4. Storage Expenses
The longer the time and greater the cost involved in storing the commodity, the lower will be the reserve price and vice versa.
5. Future Demand
If the seller expects a high demand for the product in future, he will fix a high reserve price and vice versa.
6. Future Cost of Production
If the cost of production of the commodity is expected to fall in future, the seller will fix a lower reserve price.
7. Time for New Supply
The time required for new supplies to reach the market will also have a bearing on the reservation price. If the time gap is longer, a higher reserve price will be fixed.
8. Past Cost
Some obstinate sellers attach too much importance to past costs and refuse to sell at a price below that cost. This tendency on the part of the seller may end in greater loss.
TES is the supply curve, which indicates that the firm will refuse to sell anything below the price OT, and up to the price OP the quantity offered for sale increases with an increase in price. At price OP, the whole stock is offered for sale, but above this price, supply remains the same. From this point E the supply curve becomes a vertical straight line. To put it in other words, even if a higher price is offered by the buyers, the sellers are unable to supply accordingly.
If the demand curve is D1D1, and it intersects the supply curve TES at point E1, the equilibrium price is OP1. The sellers sell OM1 quantity. They withhold M1M quantity. A shift in the demand curve from D1D1 to DD shows an increase in demand, and along with it the new equilibrium price rises from OP1 to OP. the entire stock is sold. If the demand increases from DD to some higher level such as D2D2 the quantity sold remains at OM level. But the price rises to OP2. Thus, the further increase in demand beyond DD will have only the effect of raising the price, and the quantity supplied remains unchanged.
During the market period, on account of the haggling and bargaining of the buyers and the sellers, price is tossed hither and thither like a shuttle-cock according to the relative strength of the two parties.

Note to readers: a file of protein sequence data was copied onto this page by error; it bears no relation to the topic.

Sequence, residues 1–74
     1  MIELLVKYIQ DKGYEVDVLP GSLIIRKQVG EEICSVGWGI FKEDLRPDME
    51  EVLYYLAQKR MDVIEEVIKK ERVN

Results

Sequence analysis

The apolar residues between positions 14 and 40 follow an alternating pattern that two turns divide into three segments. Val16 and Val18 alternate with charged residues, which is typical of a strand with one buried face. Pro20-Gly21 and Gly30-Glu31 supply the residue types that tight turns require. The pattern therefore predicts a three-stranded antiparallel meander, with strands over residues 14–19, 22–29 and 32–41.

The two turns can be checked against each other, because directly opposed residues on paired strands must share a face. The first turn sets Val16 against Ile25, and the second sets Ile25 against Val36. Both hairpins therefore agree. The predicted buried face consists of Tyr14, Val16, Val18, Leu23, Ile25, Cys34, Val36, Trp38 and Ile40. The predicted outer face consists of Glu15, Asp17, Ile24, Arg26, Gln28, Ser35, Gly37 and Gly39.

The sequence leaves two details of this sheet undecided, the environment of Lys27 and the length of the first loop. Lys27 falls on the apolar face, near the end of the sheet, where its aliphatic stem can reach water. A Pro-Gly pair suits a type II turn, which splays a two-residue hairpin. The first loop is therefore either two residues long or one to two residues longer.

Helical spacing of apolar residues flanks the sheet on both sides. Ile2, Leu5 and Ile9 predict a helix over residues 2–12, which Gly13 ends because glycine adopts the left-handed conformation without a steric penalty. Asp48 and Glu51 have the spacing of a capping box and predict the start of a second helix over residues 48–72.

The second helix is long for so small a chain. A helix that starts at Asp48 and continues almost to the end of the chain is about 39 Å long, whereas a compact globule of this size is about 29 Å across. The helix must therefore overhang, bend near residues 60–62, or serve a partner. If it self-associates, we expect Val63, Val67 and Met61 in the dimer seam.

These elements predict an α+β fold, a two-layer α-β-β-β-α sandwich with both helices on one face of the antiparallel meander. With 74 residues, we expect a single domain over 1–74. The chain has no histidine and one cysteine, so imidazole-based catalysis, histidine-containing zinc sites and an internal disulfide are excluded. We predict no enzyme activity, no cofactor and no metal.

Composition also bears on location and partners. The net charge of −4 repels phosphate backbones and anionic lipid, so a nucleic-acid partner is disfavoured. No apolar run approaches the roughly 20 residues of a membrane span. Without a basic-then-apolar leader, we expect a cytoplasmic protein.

The Short Period Price Determination
The short period refers to that period in which supply can be adjusted to a limited extent. The short period has been defined by Stigler as “the period in which the rate of production is variable, but in which there exist a fixed plant.”
In the short run, the fixed factors like machinery, plant etc. cannot be altered. Variable factors may be increased or decreased according to the changes in demand. As a result, the short period supply curve will be elastic to some extent. The short period price is determined by the interaction of the forces of short-run demand and supply. It can be shown with the help of the following figure 3.
DD is the initial demand curve and MPSC is the market period supply curve. Both intersect at point E. the market price is OP and the quantity supplied is OM. A shift in demand curve from DD to D1D1 represents an increase in demand. The market price will also rise from OP to OP1. The short period supply curve (SPSC) shows that, in the short period, supply is able to adapt itself somewhat to a limited extent to the changed demand conditions. The new demand curve D1D1 intersects the SPSC at OP2 price. Now the quantity supplied is OM1. The new short-run equilibrium price becomes OP2, which is higher than the initial market price OP, but it is not so high as the second market period price OP1. The short-run supply has also increased from OM to OM1.